GM to recall millions of vehicles with Takata air bag inflators
The National Highway Traffic Safety Administration announced Monday that General Motors must recall and repair any vehicle equipped with Takata air bag inflators, per AP.
Why it matters: The government agency said GM must recall nearly 6 million pickup trucks and SUVs from the 2007–2014 model years. Despite the automaker's multiple appeals to the NHTSA, this new regulation will cost the company around $1.2 billion.
- Over 63 million Takata inflators have been recalled in the U.S., and over 100 million have been recalled worldwide.
- GM will be especially affected by the recall of the Chevy Silverado, which is GM’s top-selling vehicle and one of the best-selling vehicles in the U.S.
- GM had petitioned the NHTSA four times starting in 2016 to avoid a recall, as the airbag inflators had been safe on the road and in testing.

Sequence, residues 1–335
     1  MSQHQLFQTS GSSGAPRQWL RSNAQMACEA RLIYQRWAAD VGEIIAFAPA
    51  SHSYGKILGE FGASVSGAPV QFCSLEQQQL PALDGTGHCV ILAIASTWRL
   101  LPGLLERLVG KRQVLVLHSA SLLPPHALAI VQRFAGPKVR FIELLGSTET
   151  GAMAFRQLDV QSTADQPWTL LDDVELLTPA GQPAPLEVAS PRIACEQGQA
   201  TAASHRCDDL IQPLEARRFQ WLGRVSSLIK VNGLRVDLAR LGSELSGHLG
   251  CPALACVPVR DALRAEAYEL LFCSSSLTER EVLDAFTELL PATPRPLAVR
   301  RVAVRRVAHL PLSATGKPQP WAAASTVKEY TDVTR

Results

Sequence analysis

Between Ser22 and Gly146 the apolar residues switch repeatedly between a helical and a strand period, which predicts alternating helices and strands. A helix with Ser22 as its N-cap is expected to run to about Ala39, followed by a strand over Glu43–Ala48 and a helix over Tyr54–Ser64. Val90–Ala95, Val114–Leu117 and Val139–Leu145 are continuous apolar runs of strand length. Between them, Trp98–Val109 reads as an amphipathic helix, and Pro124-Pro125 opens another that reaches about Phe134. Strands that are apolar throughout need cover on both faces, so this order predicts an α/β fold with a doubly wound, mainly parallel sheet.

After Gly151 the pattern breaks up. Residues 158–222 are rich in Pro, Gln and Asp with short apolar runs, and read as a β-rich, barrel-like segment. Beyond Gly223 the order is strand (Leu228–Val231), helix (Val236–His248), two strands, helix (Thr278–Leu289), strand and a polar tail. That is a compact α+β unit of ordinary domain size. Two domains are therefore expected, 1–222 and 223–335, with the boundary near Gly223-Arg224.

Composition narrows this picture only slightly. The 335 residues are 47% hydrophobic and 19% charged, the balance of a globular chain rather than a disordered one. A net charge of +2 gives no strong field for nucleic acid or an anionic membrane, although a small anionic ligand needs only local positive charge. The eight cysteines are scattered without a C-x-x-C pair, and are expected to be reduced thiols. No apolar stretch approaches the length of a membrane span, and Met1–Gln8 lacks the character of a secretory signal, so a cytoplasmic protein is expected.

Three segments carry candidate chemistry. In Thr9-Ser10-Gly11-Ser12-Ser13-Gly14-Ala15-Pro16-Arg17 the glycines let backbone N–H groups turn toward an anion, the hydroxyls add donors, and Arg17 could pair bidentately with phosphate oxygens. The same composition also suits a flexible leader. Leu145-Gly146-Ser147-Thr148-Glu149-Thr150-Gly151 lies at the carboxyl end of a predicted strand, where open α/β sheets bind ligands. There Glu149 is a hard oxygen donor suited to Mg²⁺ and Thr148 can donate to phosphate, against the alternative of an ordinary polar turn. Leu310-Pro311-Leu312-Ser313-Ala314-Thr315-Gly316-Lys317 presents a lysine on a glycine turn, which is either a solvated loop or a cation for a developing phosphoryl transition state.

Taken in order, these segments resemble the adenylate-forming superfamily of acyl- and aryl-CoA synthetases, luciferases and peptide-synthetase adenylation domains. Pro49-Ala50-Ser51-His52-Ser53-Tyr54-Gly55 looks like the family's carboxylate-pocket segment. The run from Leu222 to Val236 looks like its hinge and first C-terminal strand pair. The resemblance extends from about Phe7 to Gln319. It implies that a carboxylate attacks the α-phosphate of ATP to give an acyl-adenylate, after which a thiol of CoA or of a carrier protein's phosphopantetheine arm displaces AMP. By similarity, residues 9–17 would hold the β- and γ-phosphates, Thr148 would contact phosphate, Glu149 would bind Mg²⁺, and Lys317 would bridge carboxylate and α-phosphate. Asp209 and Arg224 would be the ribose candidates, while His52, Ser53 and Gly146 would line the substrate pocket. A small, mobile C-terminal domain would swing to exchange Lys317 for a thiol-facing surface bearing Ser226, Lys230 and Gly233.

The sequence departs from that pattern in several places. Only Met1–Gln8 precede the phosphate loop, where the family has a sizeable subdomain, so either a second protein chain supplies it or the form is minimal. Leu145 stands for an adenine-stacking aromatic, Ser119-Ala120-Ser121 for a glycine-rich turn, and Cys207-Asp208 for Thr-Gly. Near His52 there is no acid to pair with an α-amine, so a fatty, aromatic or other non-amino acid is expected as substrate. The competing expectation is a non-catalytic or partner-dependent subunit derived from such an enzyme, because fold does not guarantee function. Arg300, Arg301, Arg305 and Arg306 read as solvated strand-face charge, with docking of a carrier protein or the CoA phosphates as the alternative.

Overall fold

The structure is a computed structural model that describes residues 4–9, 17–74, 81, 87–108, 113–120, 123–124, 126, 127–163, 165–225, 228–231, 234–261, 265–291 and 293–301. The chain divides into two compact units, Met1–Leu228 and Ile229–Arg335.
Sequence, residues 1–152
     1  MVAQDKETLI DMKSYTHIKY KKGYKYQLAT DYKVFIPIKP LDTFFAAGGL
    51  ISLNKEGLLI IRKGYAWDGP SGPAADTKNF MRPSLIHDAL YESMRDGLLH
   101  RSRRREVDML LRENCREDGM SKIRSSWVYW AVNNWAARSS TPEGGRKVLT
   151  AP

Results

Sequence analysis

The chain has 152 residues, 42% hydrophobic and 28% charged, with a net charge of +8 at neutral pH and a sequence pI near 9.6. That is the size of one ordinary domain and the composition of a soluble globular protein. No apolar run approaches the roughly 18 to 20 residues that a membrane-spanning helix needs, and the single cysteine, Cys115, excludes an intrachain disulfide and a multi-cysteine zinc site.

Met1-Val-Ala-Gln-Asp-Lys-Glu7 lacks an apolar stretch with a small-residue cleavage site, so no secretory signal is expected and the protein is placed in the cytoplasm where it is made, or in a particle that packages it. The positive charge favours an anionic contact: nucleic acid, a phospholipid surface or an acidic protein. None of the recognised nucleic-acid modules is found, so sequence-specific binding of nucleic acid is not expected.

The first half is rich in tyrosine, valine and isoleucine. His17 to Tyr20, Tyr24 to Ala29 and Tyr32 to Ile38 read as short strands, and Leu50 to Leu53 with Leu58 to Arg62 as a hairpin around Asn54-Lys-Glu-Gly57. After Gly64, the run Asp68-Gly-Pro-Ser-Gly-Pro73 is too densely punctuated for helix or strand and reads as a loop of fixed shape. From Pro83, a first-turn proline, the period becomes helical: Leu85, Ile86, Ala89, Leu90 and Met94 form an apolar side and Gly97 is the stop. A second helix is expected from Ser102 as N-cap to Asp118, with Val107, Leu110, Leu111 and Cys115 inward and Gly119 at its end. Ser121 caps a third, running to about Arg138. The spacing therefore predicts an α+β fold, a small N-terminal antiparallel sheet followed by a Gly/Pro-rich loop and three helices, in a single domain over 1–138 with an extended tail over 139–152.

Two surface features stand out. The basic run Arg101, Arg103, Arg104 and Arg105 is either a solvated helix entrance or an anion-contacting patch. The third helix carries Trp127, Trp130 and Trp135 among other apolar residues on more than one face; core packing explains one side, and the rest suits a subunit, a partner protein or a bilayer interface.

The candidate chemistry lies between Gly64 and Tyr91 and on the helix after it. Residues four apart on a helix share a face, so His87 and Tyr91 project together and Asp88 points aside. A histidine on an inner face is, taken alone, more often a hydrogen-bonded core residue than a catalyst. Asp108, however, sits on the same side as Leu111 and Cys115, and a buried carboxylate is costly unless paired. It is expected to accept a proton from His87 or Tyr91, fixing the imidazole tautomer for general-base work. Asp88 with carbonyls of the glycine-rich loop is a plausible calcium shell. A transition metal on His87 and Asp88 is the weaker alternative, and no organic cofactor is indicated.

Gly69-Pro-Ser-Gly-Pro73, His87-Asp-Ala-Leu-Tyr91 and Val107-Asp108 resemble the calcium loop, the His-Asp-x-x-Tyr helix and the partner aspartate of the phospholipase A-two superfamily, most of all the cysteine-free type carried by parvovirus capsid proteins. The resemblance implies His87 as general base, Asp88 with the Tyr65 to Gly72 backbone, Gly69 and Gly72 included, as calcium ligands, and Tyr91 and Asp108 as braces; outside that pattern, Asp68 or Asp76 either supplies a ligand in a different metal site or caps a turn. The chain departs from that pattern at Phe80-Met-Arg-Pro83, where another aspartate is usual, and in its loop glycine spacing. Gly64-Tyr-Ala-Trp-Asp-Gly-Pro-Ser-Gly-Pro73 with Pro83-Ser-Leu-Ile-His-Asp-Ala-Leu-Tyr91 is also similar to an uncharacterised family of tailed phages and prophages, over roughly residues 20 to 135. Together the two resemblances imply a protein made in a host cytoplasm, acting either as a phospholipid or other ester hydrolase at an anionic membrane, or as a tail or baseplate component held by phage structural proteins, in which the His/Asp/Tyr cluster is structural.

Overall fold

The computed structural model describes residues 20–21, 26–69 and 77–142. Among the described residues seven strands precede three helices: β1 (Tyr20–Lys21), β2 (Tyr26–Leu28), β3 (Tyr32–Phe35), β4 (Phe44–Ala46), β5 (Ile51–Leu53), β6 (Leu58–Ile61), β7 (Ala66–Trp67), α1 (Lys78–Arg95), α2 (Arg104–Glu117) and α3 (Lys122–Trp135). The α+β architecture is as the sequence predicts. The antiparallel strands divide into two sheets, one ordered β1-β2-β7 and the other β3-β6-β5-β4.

The big picture: 27 people have been killed worldwide by the exploding inflators including 18 in the U.S, yet it took the agency more than four years to arrive at the decision to recall the vehicles.
- “Based on this information and information provided to the petition’s public docket, NHTSA concluded that the GM inflators in question are at risk of the same type of explosion after long-term exposure to high heat and humidity as other recalled Takata inflators,” the NHTSA said in a prepared statement.
What's next: The company has 30 days to give NHTSA a proposed schedule for notifying vehicle owners and starting the recall, the statement said.
- The safety and trust of those who drive our vehicles is at the forefront of everything we do at General Motors,” the company said in a prepared statement.